Standing in on Pilots: Some Tips

By | 2017-01-26T15:43:03+00:00 February 15th, 2017|Challenges, Concepts, Lessons, Tips, Tricks|0 Comments

With pilot shooting starting to ramp up, you may find you’ve landed a stand-in job on one!

Pilots are the beginning of a television series. Because they’re the beginning, production may not work like clockwork. As a result, you may find yourself jerked around with the production, canceled on stand-in days you were cleared to work or having longer days than you expected.

Here are some quick tips on weathering stand-in work on pilots.

Brace Yourself for Disorganization

When you work on an established production, things usually work like clockwork and are predictable. In general, you know the days you’re standing in, what actors you’re standing in for, and how long your days might be.

However, on pilots, days may change when you’re supposed to stand in, you might be doubled up to stand in for more than one actor, and your days might become nights as shooting days lengthen as a result of surprises in the shoot.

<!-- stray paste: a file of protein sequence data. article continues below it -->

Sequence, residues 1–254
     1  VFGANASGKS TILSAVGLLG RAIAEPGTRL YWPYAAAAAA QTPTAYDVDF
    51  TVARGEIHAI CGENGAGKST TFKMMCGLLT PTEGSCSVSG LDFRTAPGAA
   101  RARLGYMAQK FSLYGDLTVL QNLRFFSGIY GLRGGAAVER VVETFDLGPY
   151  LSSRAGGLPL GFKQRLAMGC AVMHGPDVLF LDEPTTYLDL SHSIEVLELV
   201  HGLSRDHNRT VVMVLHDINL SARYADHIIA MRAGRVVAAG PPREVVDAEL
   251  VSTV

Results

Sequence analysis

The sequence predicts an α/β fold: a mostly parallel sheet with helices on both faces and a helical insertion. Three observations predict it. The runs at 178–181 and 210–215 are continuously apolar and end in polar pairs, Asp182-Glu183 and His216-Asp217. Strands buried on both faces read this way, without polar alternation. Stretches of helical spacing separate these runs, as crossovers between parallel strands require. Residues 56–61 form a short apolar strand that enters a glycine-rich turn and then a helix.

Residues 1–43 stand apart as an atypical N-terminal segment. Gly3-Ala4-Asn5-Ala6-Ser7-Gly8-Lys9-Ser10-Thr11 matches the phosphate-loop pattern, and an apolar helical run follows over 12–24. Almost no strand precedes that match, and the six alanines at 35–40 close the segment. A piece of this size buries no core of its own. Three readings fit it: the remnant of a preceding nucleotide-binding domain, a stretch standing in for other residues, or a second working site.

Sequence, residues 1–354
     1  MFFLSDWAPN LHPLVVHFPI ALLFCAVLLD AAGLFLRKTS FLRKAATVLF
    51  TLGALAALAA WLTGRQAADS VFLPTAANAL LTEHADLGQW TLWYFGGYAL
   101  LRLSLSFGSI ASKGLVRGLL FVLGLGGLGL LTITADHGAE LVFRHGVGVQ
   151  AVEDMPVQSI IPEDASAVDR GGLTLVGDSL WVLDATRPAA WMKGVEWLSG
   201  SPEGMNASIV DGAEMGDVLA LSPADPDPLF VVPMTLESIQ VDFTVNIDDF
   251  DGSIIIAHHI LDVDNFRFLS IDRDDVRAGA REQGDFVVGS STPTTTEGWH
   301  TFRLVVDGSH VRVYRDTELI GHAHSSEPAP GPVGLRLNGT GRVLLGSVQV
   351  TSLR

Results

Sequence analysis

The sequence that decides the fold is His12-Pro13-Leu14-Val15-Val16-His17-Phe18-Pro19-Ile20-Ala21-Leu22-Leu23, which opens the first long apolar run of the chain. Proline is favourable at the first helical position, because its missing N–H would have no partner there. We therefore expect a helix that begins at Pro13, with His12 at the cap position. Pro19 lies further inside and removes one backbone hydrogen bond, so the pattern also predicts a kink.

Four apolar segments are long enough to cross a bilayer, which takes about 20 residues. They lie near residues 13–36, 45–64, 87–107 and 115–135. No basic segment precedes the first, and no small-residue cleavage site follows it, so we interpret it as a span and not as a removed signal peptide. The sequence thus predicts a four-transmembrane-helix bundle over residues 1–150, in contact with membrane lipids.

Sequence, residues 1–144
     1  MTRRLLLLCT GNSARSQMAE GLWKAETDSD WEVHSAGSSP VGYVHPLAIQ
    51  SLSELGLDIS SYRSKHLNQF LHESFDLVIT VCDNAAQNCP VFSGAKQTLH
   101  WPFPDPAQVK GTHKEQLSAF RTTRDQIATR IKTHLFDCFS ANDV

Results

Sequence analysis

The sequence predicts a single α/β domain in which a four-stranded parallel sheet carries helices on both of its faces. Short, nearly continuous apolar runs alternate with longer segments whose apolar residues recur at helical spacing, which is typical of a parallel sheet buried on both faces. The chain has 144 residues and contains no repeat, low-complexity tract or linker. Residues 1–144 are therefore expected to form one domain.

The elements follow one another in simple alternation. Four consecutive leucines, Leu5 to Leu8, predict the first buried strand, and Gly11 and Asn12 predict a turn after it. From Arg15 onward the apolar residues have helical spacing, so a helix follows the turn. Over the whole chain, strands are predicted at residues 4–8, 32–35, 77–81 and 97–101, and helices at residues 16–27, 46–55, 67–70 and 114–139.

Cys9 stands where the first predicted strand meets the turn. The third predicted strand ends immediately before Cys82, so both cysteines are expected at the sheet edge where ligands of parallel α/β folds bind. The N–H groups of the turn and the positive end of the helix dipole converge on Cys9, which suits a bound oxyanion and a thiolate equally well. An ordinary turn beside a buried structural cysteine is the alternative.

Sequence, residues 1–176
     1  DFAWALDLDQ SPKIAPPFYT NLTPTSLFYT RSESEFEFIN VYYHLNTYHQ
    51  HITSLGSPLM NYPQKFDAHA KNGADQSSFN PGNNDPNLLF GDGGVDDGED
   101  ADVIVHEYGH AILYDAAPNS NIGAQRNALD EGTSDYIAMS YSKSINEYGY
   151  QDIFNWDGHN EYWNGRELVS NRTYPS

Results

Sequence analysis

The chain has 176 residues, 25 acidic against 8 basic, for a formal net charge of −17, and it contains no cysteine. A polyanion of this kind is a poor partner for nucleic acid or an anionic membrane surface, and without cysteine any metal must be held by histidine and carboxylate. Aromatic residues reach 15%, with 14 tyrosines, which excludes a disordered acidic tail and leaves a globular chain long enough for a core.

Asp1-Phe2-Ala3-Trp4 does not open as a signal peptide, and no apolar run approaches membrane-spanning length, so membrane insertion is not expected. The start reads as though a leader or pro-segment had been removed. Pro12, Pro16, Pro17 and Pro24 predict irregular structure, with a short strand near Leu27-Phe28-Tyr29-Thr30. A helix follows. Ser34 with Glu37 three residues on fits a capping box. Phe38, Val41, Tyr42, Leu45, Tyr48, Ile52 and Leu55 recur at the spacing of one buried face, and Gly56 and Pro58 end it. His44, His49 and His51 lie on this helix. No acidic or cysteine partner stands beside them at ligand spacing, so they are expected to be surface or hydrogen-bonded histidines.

Pilots are trying to get organized. There are a lot of new crew members working together in new ways in line with the demands of the particular script. Not all methods will be worked out by the time shooting begins. Hopefully by the end pilots will be calmer and more orderly.

Keep your expectations buoyant about stand-in work on pilots. If you are standing in for a lead, you may have steady work over the course of the shoot. But if you’re standing in for a supporting actor, you may find your schedule keeps changing or another stand-in gets doubled up to stand in for your actor, leaving you out of a job for some of your cleared days.

Knowing is half the battle. If you’re aware that schedule changes can happen, you can better prepare yourself to book alternate work should you get canceled for a day.

Be Aware of Doubling up Stand-Ins

The practice of having an actor’s stand-in stand in for another actor on a shooting day is called “doubling up.” It can also be called “tripling up” if you end up standing in for three actors. Usually at this point you become a sort of “utility stand-in” for the shoot day.